The obvious drawback is that you steer with the front wheels too, which means you’re asking an awful lot from just two tyres and inevitably handling is compromised. But carmakers have dialled-in fun to front-wheel drive cars for decades – it's how they combine it with power that counts. 

Let's see…


Peugeot 308 GTi 270
from £29,405

Peugeot 308 - best cheap fast cars 2017

The 308 GTi is probably the rank outsider in this group test, and yet we know that with the legacy of great hot hatches Peugeot’s carrying in its back pocket, there’s no reason why it won’t spring a surprise. Coming off the back of greatness, such as the 208 GTi and RCZ-R, it should be more than capable of bloodying the Volkswagen Golf GTI’s nose.

Even before we set off, it’s certainly doing all it needs to at the kerbside. The two-tone paint job is a genius touch, lifting a neat if undistinguished design into a bit of a yob. Even compared with the kitchen-sink Focus RS, this one can still turn heads.

Peugeot 308 - best cheap fast cars 2017

Under the skin is where it’s most clever. Its 270hp is delivered by a mere 1.6-litres for a claimed 0-62mph time of 6.0 seconds, and a maximum speed of 155mph. In this group test, that puts it in the middle of the pack – and absolutely monstered by the Ford Focus RS Mountune. But good cheap fast cars aren’t just about numbers – how they’re delivered is far more important.

We’ll start with its on-road performance. At first, it doesn’t set a great example. It feels stiff and uncompromising, and the handling trait it’s keenest on is following the camber of any given road. Bravo. The steering feels too responsive, probably because the wheel’s too small, while the gearchange is ponderous, and frankly disappointing. The brakes aren’t much to write home about, either.

But live with it, wear into its dynamic foibles, and you start to go with the flow. The ride is just about acceptable, and gets better the faster you go – and you learn that it goes wherever you point it without any drama at all.

On track, it’s magical. And all that comes from its enormous front-end grip and traction, aided by its fantastic mechanical torque-sensing limited-slip differential. Once you dial into the way it works - the amount of grip available is directly related to the amount of throttle you give it – you’ve nailed the 308 GTi.

You want to tighten your line in any given corner, allowing the car to pull you through? Simple – just give it more throttle, and cling on to the shirt-button steering wheel. And for that reason, and pretty much that reason alone, the 308 GTi has almost everything it needs to be the greatest cheap fast car money can buy.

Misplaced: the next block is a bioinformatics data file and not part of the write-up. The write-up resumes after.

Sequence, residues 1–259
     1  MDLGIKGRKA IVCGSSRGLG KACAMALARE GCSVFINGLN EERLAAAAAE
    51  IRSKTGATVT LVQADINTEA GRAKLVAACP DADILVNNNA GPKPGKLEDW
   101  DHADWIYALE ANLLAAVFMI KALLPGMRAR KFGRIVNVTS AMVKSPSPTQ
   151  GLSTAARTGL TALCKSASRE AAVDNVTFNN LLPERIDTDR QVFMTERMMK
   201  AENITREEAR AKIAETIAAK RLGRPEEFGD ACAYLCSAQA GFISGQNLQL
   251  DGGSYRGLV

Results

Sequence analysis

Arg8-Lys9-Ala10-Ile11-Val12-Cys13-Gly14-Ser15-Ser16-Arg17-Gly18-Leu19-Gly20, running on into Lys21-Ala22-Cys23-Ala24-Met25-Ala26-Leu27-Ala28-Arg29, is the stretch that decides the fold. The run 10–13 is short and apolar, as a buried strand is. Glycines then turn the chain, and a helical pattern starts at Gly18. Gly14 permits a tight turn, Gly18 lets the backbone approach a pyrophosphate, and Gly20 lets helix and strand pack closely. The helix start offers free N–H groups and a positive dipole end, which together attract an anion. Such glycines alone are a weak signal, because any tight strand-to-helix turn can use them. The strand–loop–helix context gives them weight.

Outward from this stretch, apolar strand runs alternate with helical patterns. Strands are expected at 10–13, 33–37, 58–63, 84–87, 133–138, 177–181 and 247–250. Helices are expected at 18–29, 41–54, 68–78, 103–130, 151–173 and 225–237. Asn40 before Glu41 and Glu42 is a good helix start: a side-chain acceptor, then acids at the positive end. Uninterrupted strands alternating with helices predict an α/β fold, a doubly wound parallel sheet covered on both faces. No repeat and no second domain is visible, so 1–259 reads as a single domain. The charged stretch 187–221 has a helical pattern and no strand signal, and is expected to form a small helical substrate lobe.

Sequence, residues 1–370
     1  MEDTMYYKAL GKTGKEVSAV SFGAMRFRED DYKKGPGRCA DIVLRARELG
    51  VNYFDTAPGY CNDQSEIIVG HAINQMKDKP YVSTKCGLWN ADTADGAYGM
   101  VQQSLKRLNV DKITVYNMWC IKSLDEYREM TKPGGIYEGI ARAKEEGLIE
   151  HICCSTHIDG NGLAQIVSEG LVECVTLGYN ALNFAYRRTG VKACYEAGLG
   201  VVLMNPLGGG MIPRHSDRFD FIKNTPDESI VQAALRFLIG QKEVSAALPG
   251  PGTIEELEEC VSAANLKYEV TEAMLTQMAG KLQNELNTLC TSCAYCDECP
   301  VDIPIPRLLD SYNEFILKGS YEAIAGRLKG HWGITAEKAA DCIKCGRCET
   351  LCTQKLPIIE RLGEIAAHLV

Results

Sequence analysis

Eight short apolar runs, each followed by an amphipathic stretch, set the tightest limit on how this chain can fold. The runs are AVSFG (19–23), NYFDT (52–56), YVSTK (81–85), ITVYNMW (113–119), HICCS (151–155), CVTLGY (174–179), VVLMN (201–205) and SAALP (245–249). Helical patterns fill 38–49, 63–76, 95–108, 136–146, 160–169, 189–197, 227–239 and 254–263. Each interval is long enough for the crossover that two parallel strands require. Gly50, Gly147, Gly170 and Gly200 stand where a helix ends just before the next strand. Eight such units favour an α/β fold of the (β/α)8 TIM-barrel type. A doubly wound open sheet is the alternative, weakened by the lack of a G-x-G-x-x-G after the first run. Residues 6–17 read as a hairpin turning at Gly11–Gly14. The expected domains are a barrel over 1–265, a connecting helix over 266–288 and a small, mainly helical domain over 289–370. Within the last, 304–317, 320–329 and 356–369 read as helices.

By Keith Adams, Editor 

Click here for the full Peugeot 308 review


Skoda Octavia vRS 230
from £25,185

Skoda Octavia vRS - best cheap fast cars 2017

The Skoda Octavia vRS has long been used by the police, and if it can survive day after day at the hands of criminal-chasing coppers, it has to be pretty fast. It needs to be supremely comfortable, too.

Weigh in the low cash price and rock-bottom PCP monthly payments – which make it the cheapest to finance – and I’d wager that this is the best car per pound in our roundup.

Sharing its engine with the Golf GTi, the Octavia isn’t that powerful in this company, but offers plenty of muscle on the road, pulling quite hard from low engine speeds, while providing a satisfying hit of extra acceleration if you work the engine harder. With shorter gears than the Volkswagen, there’s little difference in speed between the two, but the Octavia does kick up more wind and road noise on the motorway.

Select Sport mode and the engine note hardens and the steering becomes heavier, offering sharp responses around bends. In Normal mode, the steering is a bit less precise, but it treads a good line between being satisfying to drive fast, while remaining comfy enough when you’re not in a hurry.

Skoda Octavia vRS - best cheap fast cars 2017

Pitch the Octavia into a bend and it grips strongly, with little bodyroll to throw you off course. Accelerate early in a corner and the front tyres can start to scrabble, but there’s a good balance between power and traction. Other pluses are the relatively smooth, comfortable ride and racy-looking seats that hold you tightly without being too contoured for long journeys.